Euro 2020 champions Italy are one of 12 nations in the play-off draw
By the time Qatar 2022 comes around, Wales will have waited 64 years to play in a World Cup.
Scotland's 24-year absence pales in comparison. But both teams are now just two games away from ending that torment and will await Friday's play-off draw with a mixture of excitement and trepidation.
Impressive results in their final group games against Belgium and Denmark respectively ensured Wales and Scotland will be seeded when the fixtures are decided from 16:00 GMT.
But how does it all work? And what might await both sides?
Sobering times on world stage
First, a brief history lesson. Wales, remarkably, have only played at one World Cup.
That came in 1958, when group-stage draws with Hungary, Mexico and Sweden, then a play-off win over Hungary, earned a quarter-final meeting with eventual winners Brazil.
The scorer of the only goal in that tie? A 17-year-old called Pele.
Scotland's history with the tournament is far richer - even if those memories have faded a little - with eight appearances at the big show between 1954 and 1998.
None have been particularly successful, with assorted calamities befalling a succession of talented squads, the most recent the 1998 jamboree in France.
How does the draw work?
There will be 12 countries in Friday's draw, with the six seeded teams hosting the six unseeded sides in the semi-finals. So far, so simple.
But the draw will be split into three paths, each containing two semis. The winners of those ties will meet to decide who will claim one of the three places in Qatar. Got it?
So by the time the draw is done on Friday each nation will know their semi-final opponents and which two teams would then stand between them and a place at the World Cup.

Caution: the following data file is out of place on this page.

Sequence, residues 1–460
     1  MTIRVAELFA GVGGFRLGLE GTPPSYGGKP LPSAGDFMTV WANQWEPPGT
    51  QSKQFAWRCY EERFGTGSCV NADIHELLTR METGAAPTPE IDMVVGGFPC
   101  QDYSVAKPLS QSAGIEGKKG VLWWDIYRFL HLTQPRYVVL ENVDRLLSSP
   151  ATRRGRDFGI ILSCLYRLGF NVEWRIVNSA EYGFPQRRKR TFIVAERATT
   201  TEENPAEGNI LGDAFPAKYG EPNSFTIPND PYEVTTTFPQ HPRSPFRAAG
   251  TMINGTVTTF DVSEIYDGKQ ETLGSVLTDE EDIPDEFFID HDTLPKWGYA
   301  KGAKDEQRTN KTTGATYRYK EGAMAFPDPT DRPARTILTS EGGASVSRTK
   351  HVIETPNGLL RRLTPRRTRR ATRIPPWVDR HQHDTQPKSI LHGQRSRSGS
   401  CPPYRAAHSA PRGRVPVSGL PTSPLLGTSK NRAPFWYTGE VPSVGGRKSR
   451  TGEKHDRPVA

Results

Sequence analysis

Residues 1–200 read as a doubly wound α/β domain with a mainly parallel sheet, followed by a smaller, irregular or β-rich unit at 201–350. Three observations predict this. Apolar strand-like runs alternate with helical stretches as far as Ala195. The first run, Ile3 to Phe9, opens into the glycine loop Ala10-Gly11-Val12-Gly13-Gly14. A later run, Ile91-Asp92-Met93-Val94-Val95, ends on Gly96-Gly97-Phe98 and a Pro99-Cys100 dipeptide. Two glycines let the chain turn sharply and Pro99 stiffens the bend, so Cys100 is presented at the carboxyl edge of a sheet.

Oh, and the seedings are forgotten for the three finals, with order of the draw determining which sides are at home.
The semi-finals and finals will take place over the course of five days from March 24 to 29.
So who could Wales and Scotland get in the semis?
Wales' 1-1 draw with Belgium and Scotland's 2-0 win over Denmark means both will host an unseeded nation.
That doesn't mean it will be easy... Austria, North Macedonia, Turkey, Poland, Ukraine and the Czech Republic were all at last summer's Euros.
The Czech Republic got the better of Scotland at Hampden last June, but Wales picked up four points from six against Jaroslav Silhavy's men in qualifying. They also upset Turkey at the Euros.
Ukraine and Austria reached the last eight, but Scotland took four points from the latter in this campaign, including a win in Vienna.
The prospect of keeping out Bayern Munich's talisman Robert Lewandowski would be a daunting task if paired with Poland, who were runners-up in England's group, while North Macedonia started their campaign with a win in Germany.
That said, will any of those sides fancy a trip to Cardiff or Glasgow?
What about the final?
Now this is where it gets properly daunting.
Euro 2020 champions Italy and 2016 winners Portugal will be the favourites to claim two of the three available places in Qatar, even if the former missed out last time. Russia and Sweden will fancy their chances too.
The key, surely, for the home nations will be to be given another home tie. They might also hope that an unseeded team can shock one of the big boys in the semis.
After that, it's down to a one-off 90 minutes - or maybe 120 plus penalties - to decide if their lengthy World Cup droughts will be over.
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